CANCELLED - Bacteriophage-encoded nucleus-like structures protect DNA from CRISPR

Friday, March 6, 2020 10:00 am - 10:00 am EST (GMT -05:00)


Presented by:

Joseph Bondy-Denomy
Joseph Bondy-Denomy, PhD
Assistant Professor
University of California, San Francisco
Dept. of Microbiology & Immunology

Membrane bound organelles are a central tenant of eukaryotic cell biology, and largely absent from prokaryotes. However, protein-encased structures have been identified in bacteria, for example encapsulins and carboxysomes that localize enzymes, but none that compartmentalize nucleic acid. However, recent work has described the discovery of a prokaryotic proteinaceous compartment that mirrors a nucleus, localizing DNA replication and transcription into a centrally located, segregated structure, while translation happens in the cytoplasm. Intriguingly, this structure is made inside a bacterium, but not by the bacterium. This process is entirely directed by a bacterial virus, or bacteriophage. I will discuss this remarkable structure and our recent findings that this proteinaceous nucleus-like compartment segregates phage DNA from restriction and CRISPR-Cas nucleases, providing the most broad spectrum resistance to bacterial immune pathways described to date. This will be contrasted with specific inhibitors of CRISPR-Cas function, or “anti-CRISPR” proteins, also encoded by phage that our group has identified.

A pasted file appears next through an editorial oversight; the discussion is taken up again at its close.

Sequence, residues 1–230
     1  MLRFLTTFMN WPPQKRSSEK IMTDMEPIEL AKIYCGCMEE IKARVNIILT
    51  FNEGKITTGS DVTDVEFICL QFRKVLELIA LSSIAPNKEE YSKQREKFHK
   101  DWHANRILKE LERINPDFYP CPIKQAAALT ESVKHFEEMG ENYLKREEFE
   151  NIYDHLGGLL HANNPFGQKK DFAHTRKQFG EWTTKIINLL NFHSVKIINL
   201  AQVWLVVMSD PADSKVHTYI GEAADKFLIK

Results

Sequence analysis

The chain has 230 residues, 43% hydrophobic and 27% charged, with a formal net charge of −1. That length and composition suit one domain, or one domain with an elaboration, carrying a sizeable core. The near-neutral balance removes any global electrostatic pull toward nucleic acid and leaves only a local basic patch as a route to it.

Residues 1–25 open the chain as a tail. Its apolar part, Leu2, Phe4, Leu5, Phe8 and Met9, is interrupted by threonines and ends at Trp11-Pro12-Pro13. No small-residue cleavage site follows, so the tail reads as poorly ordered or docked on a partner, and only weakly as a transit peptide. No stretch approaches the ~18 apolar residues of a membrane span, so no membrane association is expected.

stained cells